These Types of ETFs Are Best for Roth IRAs

The best exchange-traded funds (ETFs) for your Roth IRA will include funds that are designed for long-term investment. Since ETFs and other investments held in individual retirement accounts (IRAs) grow tax-deferred, certain fund types are ideal for this qualified retirement plan. Learn more about the best ETFs for your Roth IRA.

What Are the Best Types of ETFs for a Roth IRA?

If you are saving for retirement, you probably have more than one investment account. Popular and common account types include IRAs, 401(k)s, and individual or joint brokerage accounts.

Since these accounts receive a different tax treatment, they can each be used for different financial goals. It’s important to know which investment types are best for each kind of account.

The best funds for investing in an IRA or a 401(k) are long-term investments, such as stock mutual funds and ETFs. Investments are not taxed while they are held in an IRA or 401(k). That means that if you want to invest in funds that generate taxable income, you should hold them in your IRA or 401(k).

Roth IRAs are a little different. These are funded with after-tax dollars, which means you pay tax on your income before it goes into your Roth account.

Once it’s in your Roth account, the money grows tax-free. Any money you take out when you retire will also be tax-free.

Your withdrawals from a Roth IRA may be taxed if the account is less than five years old. You may also have to pay a penalty if you take out any money your Roth has earned before you are age 59½.

Certain types of ETFs are a smart choice for Roth IRAs.

Growth ETFs

Since IRAs are retirement accounts, you may have years or decades before you need the money. You’ll want to get the most benefit from your investments by letting them grow over time.

ETFs that invest in stocks have a lot of growth potential. You may want to choose an ETF that invests primarily in growth stocks for your Roth IRA.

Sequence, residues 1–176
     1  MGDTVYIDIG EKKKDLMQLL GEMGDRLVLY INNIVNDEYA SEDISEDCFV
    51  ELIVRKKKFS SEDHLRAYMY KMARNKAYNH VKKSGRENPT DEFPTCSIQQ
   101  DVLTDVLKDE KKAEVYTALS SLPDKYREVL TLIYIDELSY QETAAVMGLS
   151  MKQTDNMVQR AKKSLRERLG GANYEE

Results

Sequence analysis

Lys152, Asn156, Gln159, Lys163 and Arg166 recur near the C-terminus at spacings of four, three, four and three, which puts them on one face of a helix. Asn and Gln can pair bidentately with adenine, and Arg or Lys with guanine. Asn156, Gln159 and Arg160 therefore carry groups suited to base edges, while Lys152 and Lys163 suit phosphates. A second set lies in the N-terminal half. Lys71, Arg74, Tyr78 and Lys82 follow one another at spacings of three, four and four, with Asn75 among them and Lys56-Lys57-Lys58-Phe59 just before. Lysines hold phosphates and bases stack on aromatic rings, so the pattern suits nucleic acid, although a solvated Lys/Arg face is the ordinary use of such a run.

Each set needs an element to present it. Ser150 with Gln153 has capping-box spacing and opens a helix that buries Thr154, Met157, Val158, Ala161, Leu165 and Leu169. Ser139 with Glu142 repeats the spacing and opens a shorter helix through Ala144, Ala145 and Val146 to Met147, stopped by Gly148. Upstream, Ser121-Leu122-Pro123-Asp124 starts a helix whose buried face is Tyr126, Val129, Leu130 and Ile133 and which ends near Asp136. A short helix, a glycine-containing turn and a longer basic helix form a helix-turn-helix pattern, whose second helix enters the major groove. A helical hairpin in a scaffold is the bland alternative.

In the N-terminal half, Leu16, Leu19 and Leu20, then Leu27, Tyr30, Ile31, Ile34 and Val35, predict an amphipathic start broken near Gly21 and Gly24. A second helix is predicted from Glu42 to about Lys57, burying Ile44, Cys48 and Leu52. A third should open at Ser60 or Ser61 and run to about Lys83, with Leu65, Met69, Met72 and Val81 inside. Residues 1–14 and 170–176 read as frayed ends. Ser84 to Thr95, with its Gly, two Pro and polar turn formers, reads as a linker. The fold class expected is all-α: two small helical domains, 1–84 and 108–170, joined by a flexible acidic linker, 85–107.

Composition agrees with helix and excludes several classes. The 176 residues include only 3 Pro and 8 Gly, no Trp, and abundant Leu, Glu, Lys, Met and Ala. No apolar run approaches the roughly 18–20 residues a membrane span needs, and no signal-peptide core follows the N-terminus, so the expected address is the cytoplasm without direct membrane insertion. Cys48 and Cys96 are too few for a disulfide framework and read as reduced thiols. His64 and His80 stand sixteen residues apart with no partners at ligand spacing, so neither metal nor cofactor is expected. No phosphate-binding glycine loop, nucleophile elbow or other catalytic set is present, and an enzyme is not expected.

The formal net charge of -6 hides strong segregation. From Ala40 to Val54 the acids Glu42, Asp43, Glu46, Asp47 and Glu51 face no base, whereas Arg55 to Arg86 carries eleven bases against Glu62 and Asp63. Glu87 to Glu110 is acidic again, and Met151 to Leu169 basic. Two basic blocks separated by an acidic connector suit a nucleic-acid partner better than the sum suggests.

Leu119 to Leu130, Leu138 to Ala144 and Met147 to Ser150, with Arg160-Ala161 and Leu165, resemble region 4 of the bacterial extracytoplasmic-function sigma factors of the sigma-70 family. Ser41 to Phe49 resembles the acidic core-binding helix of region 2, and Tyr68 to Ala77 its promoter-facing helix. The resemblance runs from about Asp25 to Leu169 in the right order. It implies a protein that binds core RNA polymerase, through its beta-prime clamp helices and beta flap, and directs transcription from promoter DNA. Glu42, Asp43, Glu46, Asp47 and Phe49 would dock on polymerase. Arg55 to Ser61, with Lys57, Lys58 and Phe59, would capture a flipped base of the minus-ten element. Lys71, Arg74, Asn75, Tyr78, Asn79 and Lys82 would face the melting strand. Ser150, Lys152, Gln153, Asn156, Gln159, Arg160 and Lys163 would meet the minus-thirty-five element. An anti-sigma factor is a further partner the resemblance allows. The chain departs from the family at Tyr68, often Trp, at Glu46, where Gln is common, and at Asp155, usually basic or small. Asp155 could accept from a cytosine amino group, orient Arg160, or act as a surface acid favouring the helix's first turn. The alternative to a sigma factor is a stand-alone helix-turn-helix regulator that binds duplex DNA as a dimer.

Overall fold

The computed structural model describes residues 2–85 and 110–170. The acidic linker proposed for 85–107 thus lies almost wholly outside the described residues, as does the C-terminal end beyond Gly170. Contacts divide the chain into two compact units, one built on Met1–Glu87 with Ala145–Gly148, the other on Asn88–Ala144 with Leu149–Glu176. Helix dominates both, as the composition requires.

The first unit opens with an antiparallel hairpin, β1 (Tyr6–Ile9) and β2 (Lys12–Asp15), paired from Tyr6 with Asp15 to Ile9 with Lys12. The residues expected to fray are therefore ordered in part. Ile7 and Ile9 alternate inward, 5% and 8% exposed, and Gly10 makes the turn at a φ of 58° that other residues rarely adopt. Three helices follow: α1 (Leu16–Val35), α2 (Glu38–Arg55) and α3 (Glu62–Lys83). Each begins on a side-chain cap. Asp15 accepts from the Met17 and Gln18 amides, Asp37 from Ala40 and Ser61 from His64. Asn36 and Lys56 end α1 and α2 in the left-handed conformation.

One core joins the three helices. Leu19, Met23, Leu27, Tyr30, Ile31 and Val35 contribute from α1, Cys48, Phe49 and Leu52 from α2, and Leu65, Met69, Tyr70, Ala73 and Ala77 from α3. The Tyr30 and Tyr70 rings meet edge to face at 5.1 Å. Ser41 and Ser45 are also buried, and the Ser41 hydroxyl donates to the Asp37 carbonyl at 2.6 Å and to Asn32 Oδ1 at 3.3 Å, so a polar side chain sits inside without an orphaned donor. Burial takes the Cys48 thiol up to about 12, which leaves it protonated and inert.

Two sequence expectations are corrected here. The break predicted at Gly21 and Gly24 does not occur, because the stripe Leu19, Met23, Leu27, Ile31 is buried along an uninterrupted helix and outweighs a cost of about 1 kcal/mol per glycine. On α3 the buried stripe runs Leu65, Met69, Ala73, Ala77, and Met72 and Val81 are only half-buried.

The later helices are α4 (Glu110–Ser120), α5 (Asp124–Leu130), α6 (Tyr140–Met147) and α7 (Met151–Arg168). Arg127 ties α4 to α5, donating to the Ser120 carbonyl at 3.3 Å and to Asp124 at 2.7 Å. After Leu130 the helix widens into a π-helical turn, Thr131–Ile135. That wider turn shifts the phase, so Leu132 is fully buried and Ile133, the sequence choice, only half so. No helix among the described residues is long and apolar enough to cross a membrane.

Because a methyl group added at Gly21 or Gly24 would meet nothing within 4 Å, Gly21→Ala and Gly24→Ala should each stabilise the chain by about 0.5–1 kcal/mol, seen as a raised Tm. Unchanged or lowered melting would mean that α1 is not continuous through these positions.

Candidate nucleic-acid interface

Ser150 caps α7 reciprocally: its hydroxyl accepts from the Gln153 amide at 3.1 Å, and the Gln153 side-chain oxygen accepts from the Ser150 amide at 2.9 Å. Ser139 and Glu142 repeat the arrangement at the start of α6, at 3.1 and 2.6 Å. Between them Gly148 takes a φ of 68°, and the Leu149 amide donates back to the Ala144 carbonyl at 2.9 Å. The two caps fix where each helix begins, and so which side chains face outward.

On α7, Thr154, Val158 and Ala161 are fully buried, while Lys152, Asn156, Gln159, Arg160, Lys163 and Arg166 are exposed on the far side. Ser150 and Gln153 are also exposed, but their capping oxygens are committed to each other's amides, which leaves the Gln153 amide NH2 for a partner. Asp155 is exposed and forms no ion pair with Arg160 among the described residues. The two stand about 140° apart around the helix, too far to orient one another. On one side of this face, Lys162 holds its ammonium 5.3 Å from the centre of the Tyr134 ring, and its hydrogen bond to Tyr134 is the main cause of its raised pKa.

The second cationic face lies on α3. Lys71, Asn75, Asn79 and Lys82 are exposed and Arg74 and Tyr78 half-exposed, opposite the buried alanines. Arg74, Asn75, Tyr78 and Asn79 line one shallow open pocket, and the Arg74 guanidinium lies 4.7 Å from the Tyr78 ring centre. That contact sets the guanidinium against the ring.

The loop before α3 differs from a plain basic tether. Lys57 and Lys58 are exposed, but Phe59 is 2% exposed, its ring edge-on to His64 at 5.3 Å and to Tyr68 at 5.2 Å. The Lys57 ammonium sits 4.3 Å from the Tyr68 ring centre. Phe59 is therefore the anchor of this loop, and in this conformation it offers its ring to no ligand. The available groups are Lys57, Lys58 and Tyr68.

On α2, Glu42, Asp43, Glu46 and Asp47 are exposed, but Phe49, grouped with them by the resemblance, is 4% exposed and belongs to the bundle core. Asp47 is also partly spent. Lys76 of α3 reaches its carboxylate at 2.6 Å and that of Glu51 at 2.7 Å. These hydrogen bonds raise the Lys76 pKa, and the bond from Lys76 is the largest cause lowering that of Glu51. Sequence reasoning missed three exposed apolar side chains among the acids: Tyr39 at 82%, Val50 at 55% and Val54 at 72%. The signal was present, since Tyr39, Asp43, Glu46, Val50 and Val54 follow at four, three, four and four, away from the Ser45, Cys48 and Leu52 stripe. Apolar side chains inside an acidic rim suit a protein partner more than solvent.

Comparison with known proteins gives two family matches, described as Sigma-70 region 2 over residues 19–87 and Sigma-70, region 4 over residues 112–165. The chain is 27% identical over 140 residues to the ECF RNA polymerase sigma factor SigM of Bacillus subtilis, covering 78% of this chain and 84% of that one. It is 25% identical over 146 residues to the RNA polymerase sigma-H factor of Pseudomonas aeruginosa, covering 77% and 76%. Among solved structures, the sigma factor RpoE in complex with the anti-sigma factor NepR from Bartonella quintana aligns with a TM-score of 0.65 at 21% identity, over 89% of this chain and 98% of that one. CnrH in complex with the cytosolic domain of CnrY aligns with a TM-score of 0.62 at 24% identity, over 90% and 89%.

Income ETFs

If you want to buy funds that create income, such as dividend ETFs or bond ETFs, an IRA is an ideal account to hold these funds.

Dividends from stocks and interest from bonds can be taxed as ordinary income in a regular brokerage account. If you hold these investments in a Roth IRA, you don’t have to pay this tax.

If you have a brokerage account, it’s smart to hold tax-efficient funds there. These funds will either produce few dividends or little interest, or income that may be partially or fully exempt from taxes, such as municipal bond interest.

Try to avoid holding high-yield ETFs in a regular brokerage account.

Best ETFs for a Roth IRA

You should have a diverse mix of ETFs in your retirement accounts. There is not one particular type of ETF that should be held only and always in a Roth IRA.

Try to hold a range of ETFs of different types in your retirement account. This is especially important if the IRA is your only long-term savings vehicle. A variety of investments will protect your long-term savings.

Here are specific examples of ETFs that can work well in a Roth IRA or other retirement account.

If a fund has a lower expense ratio, that means you get to keep more of its earnings.

S&P 500 Index ETFs

Funds that passively track the S&P 500 index make good core holdings in Roth IRAs.

One good ETF to do this is iShares Core S&P 500 ETF (IVV). It has an expense ratio of just 0.03%. Another good choice is SPDR S&P 500 ETF Trust (SPY), which has expenses of 0.09%.

Growth Stock ETFs

If you’re an investor who doesn’t mind some risk if it comes with the chance of higher returns, you may choose a growth stock ETF.

One good choice is Invesco QQQ (QQQ), which invests in most technology stocks in the NASDAQ index. It has an expense ratio of 0.20%.

Another is Vanguard Growth ETF (VUG), which tracks the CRSP US Large Cap Growth Index. Its expense ratio is 0.04%.